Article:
On Saturday night I was using Nikons. My D-300 was my main camera and my D-90 was my backup. I had two SB-900 flashes and I forgot my Gary Fong Lightsphere which would have thrown a lot more light into the faces of my subjects than the straight flash bounced off the high ceilings even with the little reflector pulled up. Bummer.

Bringing in a set of lights or even putting the flashes on stands would work but remember this is a special event with over 100 people crammed into a medium-sized room. Anything on a stand that isn’t tied down is going to get knocked over.

So your best solution is going to up your ISO as high as your camera (and software. I use Lightroom 3 for its ability to handle hundreds of images and for its noise reduction software ability.) will allow (thus the full-frame advantage over DX and DX’s advantage over the Micro Four-Thirds in the ability of the larger sensor to capture more light in dark venues without dramatically increasing the noise in the image) bounce your flash and shoot with your camera using a slow shutter.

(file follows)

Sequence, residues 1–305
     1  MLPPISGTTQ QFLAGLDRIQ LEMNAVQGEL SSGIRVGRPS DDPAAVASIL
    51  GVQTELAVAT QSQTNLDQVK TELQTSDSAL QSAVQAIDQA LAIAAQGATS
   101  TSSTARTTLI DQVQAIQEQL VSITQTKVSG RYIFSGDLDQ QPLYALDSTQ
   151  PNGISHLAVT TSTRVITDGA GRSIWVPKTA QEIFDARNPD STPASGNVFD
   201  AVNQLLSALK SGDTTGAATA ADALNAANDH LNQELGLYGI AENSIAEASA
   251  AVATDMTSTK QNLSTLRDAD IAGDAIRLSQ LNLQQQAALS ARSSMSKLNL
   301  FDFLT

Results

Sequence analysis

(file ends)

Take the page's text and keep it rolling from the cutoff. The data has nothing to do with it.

As for the mode when shooting in slow shutter I like to use aperture which I set to fully open the fast lens (a fast lens is one which will open to f/2.8 or better) or manual mode which allows me to control everything. This creates backgrounds that glow with ambient light. You need to be fairly close to your subject for the flash to stop any action and reduce blur caused by movement.

The automation in cameras today isn’t your friend if you’re starting to shoot at a pro-level. I’ve seen shooters at wedding shooting with Canon Rebels with the kit lens and an external flash they use on camera straight on in automatic mode. This is not the way to shoot a wedding. You absolutely need to know the difference between auto, program, aperture, shutter and manual modes and how to use them.